Wednesday August 19th, 2015

The exercise:

Write something that has to do with: ashes.

Because ashes from the surrounding wildfires were falling from the sky at this evening's farmers market here in Osoyoos. Bit surreal, that.

We were fully smoked in again as I was heading to the market this afternoon. Couldn't even see across the lake. As opposed to last night, when this was the view from our front porch:

It was actually a pretty good market for me. I bothered to do fruit samples for once (it tends to be a pain when I'm by myself but I just wasn't selling much fruit at this market) and the Gala apples sold pretty well. Sold out of blackberries, lemon cucumbers, pickling cukes, and corn. Sold a reasonable amount of cherry tomatoes, onions, regular cucumbers, peppers, and zucchini as well. Oh, and sold three of my cards.

Not a bad way to end things in Osoyoos, as I won't be able to attend next week's final Wednesday night market of the summer due to a scheduling conflict. Can't say I'll mind going back down to one farmers market per week.


"Ashes to ashes, dust to dust."

There wasn't a dry eye at the funeral. Not because any of us were going to miss Terry very much. No, that had more to do with the mace still lingering in the air from when the police had broken up a small riot at a service nine sites east of where we were standing in the cemetery.

Something about a coveted, hotly contested heirloom going to the grave with the recently deceased, if rumour was to be believed.

A brief pause followed the deacon's words. I was surprised, as I'd expected at least half of the attendees to bolt for their cars at the very first opportunity decorum allowed. To their credit their escape was dignified and to a casual observer may have even appeared appropriate.

I waited until everyone else had left, even the deacon. Then I approached the grave site and looked down at the coffin, partially covered by a shovelful of dirt. Against my doctor's orders I lit a cigarette and took a long draw before blowing the smoke out of my nostrils.

"I could still burn you, Terry," I whispered, holding my cigarette between two fingers. "Just like I promised I would."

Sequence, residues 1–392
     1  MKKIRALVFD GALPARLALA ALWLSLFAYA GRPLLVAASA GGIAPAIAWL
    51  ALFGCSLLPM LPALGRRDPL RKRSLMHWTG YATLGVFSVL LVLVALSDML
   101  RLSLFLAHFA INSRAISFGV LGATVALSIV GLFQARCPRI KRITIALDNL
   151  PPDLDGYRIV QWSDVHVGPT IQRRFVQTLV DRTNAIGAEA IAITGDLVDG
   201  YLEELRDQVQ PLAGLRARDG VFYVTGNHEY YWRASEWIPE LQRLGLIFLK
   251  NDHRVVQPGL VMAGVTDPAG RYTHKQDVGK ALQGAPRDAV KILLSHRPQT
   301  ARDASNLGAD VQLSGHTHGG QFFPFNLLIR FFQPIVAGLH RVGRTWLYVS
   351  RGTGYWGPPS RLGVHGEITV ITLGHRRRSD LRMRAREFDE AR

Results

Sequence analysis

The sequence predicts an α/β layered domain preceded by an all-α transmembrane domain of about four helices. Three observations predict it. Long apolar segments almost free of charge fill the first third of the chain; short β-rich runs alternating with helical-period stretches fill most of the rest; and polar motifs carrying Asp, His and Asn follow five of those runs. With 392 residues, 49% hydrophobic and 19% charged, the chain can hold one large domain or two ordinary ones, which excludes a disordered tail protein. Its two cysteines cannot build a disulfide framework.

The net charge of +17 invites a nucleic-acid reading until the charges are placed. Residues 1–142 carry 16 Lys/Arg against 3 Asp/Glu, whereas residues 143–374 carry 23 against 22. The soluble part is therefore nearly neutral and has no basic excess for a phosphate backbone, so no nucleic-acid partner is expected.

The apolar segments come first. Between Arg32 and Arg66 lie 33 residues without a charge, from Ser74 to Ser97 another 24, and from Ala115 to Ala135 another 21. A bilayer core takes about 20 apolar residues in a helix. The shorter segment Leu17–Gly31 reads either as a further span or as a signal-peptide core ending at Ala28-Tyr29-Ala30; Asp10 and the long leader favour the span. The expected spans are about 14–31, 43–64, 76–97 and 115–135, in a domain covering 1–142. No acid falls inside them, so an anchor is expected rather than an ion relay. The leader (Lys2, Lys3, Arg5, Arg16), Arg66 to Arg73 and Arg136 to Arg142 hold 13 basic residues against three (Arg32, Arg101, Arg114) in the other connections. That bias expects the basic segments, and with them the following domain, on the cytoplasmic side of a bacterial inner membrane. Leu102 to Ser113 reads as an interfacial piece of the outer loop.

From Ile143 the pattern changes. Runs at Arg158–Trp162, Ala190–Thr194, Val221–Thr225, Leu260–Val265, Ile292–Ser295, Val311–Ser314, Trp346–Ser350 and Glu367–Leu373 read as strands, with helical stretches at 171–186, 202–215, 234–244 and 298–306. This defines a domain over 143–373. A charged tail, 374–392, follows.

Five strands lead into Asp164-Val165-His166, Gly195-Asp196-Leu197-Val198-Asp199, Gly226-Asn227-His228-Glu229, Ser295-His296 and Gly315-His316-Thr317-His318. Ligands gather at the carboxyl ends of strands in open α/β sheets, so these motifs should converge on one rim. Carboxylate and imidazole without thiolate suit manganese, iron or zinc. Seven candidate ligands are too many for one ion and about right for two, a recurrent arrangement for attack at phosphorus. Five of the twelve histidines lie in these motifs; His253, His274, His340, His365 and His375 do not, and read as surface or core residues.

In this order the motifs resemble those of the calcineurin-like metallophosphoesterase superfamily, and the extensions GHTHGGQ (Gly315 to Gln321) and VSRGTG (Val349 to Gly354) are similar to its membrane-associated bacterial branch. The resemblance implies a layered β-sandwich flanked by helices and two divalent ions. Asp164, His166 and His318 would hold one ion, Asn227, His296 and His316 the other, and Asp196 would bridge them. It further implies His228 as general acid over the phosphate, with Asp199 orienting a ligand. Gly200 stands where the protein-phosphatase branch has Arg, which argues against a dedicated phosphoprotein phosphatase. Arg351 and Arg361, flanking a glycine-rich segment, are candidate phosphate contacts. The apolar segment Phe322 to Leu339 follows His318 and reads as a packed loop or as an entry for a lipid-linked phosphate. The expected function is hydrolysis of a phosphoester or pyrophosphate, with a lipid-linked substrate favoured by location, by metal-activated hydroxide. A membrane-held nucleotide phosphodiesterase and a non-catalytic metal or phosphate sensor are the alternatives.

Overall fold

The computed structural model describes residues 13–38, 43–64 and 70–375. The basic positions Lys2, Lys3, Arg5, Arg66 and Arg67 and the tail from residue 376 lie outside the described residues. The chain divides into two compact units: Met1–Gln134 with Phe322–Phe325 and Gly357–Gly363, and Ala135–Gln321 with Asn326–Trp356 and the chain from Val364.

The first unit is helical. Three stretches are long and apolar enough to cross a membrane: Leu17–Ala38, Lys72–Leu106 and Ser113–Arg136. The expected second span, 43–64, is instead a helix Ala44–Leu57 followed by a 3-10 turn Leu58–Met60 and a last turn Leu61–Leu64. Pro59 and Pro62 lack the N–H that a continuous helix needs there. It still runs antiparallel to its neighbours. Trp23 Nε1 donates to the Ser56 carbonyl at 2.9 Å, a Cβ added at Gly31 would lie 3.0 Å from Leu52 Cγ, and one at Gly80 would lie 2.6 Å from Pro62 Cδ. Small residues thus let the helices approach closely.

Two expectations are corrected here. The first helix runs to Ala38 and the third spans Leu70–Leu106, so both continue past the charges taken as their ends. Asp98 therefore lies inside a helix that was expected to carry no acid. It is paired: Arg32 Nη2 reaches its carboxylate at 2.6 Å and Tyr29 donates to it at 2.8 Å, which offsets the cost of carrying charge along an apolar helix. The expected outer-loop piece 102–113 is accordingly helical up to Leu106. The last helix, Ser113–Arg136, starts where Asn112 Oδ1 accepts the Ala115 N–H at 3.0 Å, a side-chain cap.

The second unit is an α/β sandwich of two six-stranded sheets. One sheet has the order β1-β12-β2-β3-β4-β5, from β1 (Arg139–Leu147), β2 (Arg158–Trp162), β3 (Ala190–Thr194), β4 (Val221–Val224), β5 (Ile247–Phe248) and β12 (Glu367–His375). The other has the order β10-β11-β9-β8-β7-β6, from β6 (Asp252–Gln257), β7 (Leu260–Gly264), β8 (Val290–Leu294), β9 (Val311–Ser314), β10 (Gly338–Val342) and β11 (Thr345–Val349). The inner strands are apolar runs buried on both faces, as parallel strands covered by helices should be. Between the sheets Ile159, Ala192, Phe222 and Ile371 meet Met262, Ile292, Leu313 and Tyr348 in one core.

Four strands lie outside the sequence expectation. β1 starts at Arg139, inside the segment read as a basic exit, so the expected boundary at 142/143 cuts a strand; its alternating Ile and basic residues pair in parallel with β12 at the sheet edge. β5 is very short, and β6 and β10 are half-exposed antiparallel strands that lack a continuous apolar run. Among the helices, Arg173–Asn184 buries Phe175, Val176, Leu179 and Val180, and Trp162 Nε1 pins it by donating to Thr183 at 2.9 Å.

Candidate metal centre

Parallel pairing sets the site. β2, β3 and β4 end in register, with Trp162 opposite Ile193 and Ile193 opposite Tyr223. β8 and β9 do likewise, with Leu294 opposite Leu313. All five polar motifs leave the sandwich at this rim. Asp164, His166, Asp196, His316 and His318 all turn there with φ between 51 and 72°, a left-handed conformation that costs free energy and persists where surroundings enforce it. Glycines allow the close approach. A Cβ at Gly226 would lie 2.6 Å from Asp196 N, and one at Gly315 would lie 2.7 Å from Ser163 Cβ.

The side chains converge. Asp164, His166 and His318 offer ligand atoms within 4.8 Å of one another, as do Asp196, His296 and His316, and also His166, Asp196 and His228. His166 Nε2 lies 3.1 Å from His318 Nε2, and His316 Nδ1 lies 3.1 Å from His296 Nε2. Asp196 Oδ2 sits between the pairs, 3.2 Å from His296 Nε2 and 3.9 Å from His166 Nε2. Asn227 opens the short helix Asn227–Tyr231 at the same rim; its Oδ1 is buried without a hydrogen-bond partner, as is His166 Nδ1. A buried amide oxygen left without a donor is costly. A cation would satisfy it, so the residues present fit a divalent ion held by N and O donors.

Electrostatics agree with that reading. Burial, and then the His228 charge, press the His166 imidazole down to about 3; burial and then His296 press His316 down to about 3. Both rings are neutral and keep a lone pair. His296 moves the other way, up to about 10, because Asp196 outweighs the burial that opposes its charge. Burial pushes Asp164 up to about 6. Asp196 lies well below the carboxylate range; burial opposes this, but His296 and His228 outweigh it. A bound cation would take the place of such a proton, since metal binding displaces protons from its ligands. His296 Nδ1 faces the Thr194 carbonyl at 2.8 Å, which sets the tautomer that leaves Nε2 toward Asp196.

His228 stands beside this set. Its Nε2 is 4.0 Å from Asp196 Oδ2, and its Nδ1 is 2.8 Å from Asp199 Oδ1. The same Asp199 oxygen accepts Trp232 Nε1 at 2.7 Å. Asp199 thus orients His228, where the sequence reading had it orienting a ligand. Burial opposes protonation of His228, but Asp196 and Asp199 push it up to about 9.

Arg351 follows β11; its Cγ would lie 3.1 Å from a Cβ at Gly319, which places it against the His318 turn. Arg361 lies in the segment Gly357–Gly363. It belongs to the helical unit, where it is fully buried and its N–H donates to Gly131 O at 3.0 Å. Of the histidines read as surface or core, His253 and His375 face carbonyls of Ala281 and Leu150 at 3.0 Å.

I took another drag, looked around. No one was paying any attention to me. I really could do it. My free hand reached into my jacket pocket and touched the small canister of gasoline I'd hidden there. It was enough to do the job.

"Nah," I told the coffin as I turned away. "Better to let the professional do his work with you. Burn in hell, Terry."


Greg said...

I see you've begun catching up on the comments again... well done! Though I did notice that the first comment you added today was on a prompt that was exactly a month older... again, well done! :)
I really like the Eye of Sauron you've managed to capture in your photograph, it's a really striking image for that. Obviously the causes of it are less good and I'm hoping that you're not threatened by the ongoing fires at the moment. Smoked in doesn't sound good (unless you're preserving fish of course).
I really like the incidentals in your prose today; the riot happening several plots over, the departure of the mourners with unseemly haste, and the choice of religious officiant. It all pulls together in a nicely cohesive way that really lets the final lines hit home. Even I don't like Terry much now!

"Hmm. Bitter, a little gritty, hints of camellia. I think," she screwed her eyes up and would be staring at the ceiling if they were open, "I think there's a touch of bleach in there. Smoky bleach. So... Beatrice?"
Suzannah checked the label and said "Yes!" with a broad smile. "Three for three!"
"What's going on?" Lizzie poked her head around the door, brunette curls falling over her face and obscuring her view. She brushed them aside with a pale hand.
"Amanda's identifying by taste," said Suzannah, sounding gleeful. "She's three for three so far!"
Lizzie pushed the door open and came in fully; she was wearing what she liked to call her American Gothic outfit and set the pitchfork down leaning against the wall. "Oh cool," she said. "Well, has she done the bottom row yet?"
We all chorused no, and Lizzie grinned. There was an imp of mischief born in that moment. "Second left," she said.
Amanda licked her finger, dipped it into the little ceramic container, and then tasted it.
"Oh," she said, sounding a little shocked. "Oh wow, that's metallic. There's steel in there, definitely, and... boron? How do I even know what boron tastes like?"
"It's poisonous," said Suzannah. "Don't get to liking it."
"I won't. Huh, there's dairy in here too. Steel and cream? Who could that be?"
Lizzie was trying not to giggle, but it kept coming out as little squeaks.
"Oh wait, wait. I know! That damn cat... after the accident it got put in callipers on its back legs, didn't it? This is Mr. Mustard!"
"YES!" said Lizzie, letting out her laughter. "Oh well done Mandy!"
"Right," said Suzannah, setting the little ceramic urn back with all the other cremains. "Who wants to pick the ashes for Amanda to identify next?"

Marc said...

Greg - and the attempts continue...

That... is wonderfully hideous game to play. Excuse me while I go get a drink of water to clean this taste out of my mouth...